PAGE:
League of Women Voters of Illinois President Nancy Marcus told The Bulldog the state office wasn’t aware of the event. She noted that the Chicago league may have worked on the event, but that her contacts in the Chicago league office were not aware of the event.

The Robinson campaign said League of Women Voters of Chicago President Esta Kallen was working with the campaigns on the debate. Kallen has not yet responded to two voice mails from The Bulldog.

“The League of Women Voters stepped up to host this event, but the Steans campaign has literally ignored all requests to set a date,” Huxley said in a press release.

“When we got the invitation, it was too late,” Steans campaign replied to The Bulldog. Steans “would welcomed it. The two campaigns couldn’t establish a date and time with enough opportunity to get news out to the public.”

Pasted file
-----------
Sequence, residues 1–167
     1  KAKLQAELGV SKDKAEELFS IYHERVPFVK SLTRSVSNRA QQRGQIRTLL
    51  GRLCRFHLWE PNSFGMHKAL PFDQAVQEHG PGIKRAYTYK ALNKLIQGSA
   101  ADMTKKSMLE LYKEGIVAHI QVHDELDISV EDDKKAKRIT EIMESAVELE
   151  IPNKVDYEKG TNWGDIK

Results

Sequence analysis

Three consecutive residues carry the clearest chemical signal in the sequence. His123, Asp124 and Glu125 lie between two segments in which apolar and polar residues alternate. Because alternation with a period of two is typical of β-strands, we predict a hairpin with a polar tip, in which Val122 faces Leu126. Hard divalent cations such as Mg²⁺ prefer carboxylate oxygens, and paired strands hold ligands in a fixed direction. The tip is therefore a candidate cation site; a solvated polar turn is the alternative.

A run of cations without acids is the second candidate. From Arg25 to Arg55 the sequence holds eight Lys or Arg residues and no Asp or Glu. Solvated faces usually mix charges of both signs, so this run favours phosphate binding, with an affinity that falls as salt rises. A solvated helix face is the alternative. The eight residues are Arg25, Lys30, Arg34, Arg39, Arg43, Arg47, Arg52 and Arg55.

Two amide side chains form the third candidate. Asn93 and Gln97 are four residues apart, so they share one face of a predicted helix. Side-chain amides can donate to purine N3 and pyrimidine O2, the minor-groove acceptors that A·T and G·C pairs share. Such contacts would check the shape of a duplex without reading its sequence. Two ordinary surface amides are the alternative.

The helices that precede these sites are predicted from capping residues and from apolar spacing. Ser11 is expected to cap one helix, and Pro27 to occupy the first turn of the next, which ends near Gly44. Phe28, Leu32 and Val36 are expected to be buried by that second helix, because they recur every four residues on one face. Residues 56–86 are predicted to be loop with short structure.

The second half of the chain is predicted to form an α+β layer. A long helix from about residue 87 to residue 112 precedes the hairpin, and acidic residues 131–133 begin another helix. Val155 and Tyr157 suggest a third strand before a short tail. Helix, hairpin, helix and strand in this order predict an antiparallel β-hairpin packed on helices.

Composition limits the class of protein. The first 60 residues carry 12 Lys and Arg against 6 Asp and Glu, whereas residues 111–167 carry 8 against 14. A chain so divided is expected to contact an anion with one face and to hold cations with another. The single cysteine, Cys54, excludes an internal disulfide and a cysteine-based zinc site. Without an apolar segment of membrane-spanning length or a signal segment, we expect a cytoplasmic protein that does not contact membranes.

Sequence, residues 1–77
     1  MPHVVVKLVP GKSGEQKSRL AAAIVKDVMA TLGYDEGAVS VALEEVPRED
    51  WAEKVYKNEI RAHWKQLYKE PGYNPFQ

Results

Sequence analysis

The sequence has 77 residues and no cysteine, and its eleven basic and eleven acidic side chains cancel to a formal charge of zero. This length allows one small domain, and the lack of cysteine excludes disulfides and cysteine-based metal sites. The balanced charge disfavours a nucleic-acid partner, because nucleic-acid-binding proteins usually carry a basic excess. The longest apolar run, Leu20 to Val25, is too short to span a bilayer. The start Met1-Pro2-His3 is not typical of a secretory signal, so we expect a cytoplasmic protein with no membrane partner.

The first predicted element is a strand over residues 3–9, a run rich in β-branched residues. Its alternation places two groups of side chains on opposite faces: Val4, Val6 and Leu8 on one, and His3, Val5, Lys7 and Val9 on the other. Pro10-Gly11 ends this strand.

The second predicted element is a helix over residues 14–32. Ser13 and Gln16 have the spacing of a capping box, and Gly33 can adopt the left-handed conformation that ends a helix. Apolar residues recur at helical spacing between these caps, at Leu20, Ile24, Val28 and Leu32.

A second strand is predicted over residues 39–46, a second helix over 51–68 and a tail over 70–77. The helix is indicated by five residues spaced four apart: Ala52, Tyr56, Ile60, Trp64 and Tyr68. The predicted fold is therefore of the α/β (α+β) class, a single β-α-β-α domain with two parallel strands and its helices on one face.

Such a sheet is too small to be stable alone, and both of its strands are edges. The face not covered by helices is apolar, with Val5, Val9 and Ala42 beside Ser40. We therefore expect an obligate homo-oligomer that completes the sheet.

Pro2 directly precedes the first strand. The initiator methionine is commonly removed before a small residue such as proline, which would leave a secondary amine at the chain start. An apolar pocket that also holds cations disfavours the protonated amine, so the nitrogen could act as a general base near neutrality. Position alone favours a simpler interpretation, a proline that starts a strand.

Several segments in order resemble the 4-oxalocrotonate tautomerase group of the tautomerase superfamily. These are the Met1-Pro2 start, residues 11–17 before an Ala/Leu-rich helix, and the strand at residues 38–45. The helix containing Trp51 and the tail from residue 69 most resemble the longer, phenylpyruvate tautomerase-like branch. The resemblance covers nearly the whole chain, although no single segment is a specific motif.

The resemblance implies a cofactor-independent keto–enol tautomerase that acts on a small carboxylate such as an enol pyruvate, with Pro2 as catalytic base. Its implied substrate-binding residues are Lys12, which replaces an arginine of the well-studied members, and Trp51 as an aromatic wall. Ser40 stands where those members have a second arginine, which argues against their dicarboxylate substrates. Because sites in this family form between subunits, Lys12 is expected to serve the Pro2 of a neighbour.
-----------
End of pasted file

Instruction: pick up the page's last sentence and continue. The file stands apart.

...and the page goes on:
“The fact that Senator Steans is backing out on an accepted invitation from the League of Women Voters is a pretty disturbing turn of events,” Huxley said.

“I remain ready to debate the issues with Senator Steans – any time, any place,” Robinson said in a press release.

A Sept 23 letter from Adam Robinson to IL Sen Heather Steans suggesting the two candidates meet in a debate

A Sept 23 letter from Adam Robinson to IL Sen Heather Steans suggesting the two candidates meet in a debate. Credit: Robinson campaign

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5 Responses to Robinson: Let’s debate; Steans: There’s no time left

  1. Jeremy Rose on October 19, 2010 at 10:21 am

    Steans is using weak excuses not to debate. As an elected official she should have no problem talking about the issues facing the district with her constituents, regardless of the timing or with an opponent. It is her job…one we might add that her and her father bought for her.

  2. Mike Melander on October 19, 2010 at 11:26 am